Eddie Redmayne won his Oscar from his first Oscar nomination for portraying Stephen Hawking in The Theory of Everything.
Eddie Redmayne is not a favorite actor of mine, and he has given at least one downright terrible performance in The Good Shepherd. Even his best work prior to playing Hawking, Les Miserables, still came with a few odd facial reactions to bring his performance down, which I suppose was a trademark of his early performances. Thankfully the odd reactions are gone in his performance as Stephen Hawking, although that might be due to one reason, but I will get to that later on in this review. The film begins with Stephen Hawking working towards his doctoral thesis while beginning a romance with a fellow student Jane (Felicity Jones). Redmayne performance is relatively simple in these scenes. He has a nice enough charm in his performance that is naturally part of his whole somewhat shy and retiring academic type. In addition Redmayne and Jones are good together. They project a natural sweetness in the romance between Stephen and Jane which works quite well in an understated sort of fashion.
Despite being called the Theory of Everything, there is not a great deal of time spent in having Redmayne actually try to portray any sort of genius in Hawking. It is not that Redmayne avoids portraying this or is in anyway inadequate at this, but rather the way the film chooses to present this. There basically is the standard scene of writing on the chalkboard and that's about it. Even the theories when presented are for the most part explained by other characters rather than Hawking. Redmayne is convincing in the little he has to do, but the film asks very little of him in this regard. What the film does focus on is when Stephen Hawking is diagnosed with Amyotrophic lateral sclerosis and told he has only two years to live. Redmayne is very effective in portraying Hawking's initial reaction. He expresses well the way Hawking withdraws into almost nothing into his depression, and is very good as he lashes out expressing Hawking's anger over the lot in life he has been given. Along with his emotional distress though Hawking begins to show the signs of the disease.
The physical and verbal depiction of Hawking's disease easily could have easily lead to some terrible overacting. Well thankfully that is not that case here. Redmayne takes Hawking's speech, before he eventually loses his voice due to surgery, and is very effective in how he slurs his delivery that becomes more intense as well as less comprehensible. Redmayne makes it feel absolutely genuine and does well to never use it to a point in which he over accentuates it. Redmayne is equally good in portraying the loss of his physical abilities as he starts to lose his ability to walk and move freely. Redmayne effectively shows going from a limp, as well as some difficultly in maneuvering normally, to the point of not even being able to keep his body in the right shape. Redmayne does not let being put in the wheelchair finish his performance either. He still shows how it frankly does not stop as he can't sit up, and he even loses his ability to keep his mouth straight, perhaps that spares us the strange reactions. To be fair though every body contortion feels genuine in Redmayne's performance and he most of all is terrific in portraying exactly what the disease does to him over time.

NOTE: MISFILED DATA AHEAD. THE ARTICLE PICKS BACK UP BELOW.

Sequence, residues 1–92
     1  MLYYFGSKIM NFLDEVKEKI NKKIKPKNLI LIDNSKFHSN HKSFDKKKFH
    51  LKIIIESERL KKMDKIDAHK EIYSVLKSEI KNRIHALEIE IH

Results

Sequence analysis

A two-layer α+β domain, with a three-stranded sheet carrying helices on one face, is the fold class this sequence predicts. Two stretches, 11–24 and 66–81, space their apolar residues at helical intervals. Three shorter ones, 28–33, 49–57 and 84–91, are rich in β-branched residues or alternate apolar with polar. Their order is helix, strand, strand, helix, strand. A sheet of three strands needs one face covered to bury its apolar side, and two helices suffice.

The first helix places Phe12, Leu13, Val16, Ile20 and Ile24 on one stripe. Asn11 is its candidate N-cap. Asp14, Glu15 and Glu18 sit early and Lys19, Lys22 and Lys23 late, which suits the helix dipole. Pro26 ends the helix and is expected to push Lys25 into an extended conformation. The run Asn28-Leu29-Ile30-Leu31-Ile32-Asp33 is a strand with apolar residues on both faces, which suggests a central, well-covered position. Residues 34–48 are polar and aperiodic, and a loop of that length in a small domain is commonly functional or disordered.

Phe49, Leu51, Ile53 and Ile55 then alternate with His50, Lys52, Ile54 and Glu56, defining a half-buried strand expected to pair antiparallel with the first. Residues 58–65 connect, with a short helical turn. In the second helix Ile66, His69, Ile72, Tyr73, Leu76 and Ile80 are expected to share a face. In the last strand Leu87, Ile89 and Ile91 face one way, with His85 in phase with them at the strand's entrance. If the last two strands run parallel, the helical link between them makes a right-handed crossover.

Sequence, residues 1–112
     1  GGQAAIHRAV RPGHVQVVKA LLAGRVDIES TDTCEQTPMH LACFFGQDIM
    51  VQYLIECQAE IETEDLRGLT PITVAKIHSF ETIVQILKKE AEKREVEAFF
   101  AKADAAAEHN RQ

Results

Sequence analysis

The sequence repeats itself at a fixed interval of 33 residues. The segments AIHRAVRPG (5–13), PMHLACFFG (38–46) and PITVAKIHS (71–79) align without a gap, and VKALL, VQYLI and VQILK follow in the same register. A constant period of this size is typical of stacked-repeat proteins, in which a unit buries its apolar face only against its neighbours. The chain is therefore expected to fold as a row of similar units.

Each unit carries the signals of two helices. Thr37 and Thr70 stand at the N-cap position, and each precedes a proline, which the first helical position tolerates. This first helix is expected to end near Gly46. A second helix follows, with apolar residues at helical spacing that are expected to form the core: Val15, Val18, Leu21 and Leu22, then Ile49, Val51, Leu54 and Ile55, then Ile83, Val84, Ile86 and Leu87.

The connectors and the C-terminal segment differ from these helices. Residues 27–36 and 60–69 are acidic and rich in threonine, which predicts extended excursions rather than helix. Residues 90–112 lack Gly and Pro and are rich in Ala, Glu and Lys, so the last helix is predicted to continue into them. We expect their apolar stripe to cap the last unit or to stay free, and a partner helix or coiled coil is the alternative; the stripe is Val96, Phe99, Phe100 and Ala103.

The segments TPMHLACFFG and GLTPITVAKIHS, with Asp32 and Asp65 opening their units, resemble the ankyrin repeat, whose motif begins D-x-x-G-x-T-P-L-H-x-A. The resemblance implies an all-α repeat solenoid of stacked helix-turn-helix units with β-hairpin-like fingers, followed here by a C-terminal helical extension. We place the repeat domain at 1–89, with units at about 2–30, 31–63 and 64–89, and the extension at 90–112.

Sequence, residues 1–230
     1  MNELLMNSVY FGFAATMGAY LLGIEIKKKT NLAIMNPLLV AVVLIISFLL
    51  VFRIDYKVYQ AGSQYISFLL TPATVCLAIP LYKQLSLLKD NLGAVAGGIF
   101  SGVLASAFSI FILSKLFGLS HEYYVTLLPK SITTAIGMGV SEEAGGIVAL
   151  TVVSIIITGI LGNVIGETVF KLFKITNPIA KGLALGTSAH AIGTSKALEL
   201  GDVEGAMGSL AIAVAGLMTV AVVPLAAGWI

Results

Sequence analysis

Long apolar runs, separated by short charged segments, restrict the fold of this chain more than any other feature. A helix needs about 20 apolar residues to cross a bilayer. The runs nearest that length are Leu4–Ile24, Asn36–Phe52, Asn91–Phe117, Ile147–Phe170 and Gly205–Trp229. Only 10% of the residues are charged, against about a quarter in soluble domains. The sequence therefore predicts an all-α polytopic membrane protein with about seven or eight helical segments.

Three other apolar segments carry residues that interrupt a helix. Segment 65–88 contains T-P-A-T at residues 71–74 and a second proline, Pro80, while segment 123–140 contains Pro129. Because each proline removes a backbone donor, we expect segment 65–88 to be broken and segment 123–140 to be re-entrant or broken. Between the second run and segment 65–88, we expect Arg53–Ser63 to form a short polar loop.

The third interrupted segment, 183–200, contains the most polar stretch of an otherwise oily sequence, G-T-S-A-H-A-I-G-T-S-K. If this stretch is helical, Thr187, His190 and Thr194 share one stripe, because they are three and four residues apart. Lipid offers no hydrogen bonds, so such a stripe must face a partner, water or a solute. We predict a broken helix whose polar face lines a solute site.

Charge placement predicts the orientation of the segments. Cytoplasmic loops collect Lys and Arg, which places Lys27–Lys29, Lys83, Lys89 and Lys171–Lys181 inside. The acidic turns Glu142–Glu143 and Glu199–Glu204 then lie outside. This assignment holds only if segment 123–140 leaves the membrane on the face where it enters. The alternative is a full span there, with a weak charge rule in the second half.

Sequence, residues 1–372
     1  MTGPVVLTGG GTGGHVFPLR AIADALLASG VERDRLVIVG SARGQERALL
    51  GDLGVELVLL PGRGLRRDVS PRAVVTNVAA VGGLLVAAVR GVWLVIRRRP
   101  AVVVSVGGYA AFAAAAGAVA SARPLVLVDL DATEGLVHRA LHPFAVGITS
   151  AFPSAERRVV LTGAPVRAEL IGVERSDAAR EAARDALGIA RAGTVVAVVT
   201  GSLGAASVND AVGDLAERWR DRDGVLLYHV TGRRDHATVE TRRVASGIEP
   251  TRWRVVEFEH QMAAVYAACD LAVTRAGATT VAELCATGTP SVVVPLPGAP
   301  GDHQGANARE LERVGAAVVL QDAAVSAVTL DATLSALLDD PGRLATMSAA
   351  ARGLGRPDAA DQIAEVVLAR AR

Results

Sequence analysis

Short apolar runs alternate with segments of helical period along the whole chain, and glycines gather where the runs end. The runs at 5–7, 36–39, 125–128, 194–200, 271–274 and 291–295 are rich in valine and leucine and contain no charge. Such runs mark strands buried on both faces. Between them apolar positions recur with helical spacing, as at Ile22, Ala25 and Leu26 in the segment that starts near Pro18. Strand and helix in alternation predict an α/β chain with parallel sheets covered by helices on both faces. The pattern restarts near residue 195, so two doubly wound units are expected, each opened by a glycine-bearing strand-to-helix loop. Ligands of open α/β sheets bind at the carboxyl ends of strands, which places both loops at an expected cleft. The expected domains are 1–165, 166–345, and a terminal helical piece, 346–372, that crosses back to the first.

Now portraying Hawking's disability is the highlight of Redmayne's performance. He is good though in portraying early on how Jane's involvement in his life causes him to develop a passion to work and live again. He also importantly never portrays that to be the end of Hawking's depression though as it returns brutally when Hawking loses his ability to speak. There is also one scene where Jane has her future second husband come over to their house, and Redmayne is very effective at first by expressing Hawking's dismay at this development. Of course even this is brushed aside when Hawking just views him as someone there to help. The problem is other than those few things Hawking is not developed into all that much of a character. He has his theories, his wife, and his disability and unfortunately they kind of call it a day. The film refuses to ever portray Hawking in much of a negative light, and leaves him in the end to be a bit too simplistic of a character. This is all the writing though and not at all Redmayne's fault. When there is a chance for depth, Redmayne takes it, there unfortunately are few of them.
For awhile the film even kinda shoves Hawking aside mostly to view how Jane sees him, which sure it gives Jones some time to shine, and keeps Hawking as too much of a constant. The biggest failure in this regard is the depiction of Hawking's relationship with his second wife. They portray her as kinda a problematic usurper, but seem to purposefully avoid putting any blame onto Hawking in these scenes. The film instead just makes it something he just has to do, which is unfortunate because it does kind of go around the fact that Hawking leaves Jane by his own volition. Redmayne is great in the goodbye scene as he is moving in portraying Hawking's emotional breakdown, it's a shame the film was not able to make it mean little more. Almost all of my complaints though are really due to the screenplay not Eddie Redmayne's performance. Redmayne gives a very good performance and there are times that he is exceptional, in fact the overarching way in which he becomes Hawking certainly is that. I would have liked if the film had let him delve a bit more into the man past simply his accomplishments and his disability, nevertheless this is truly fine work by Eddie Redmayne.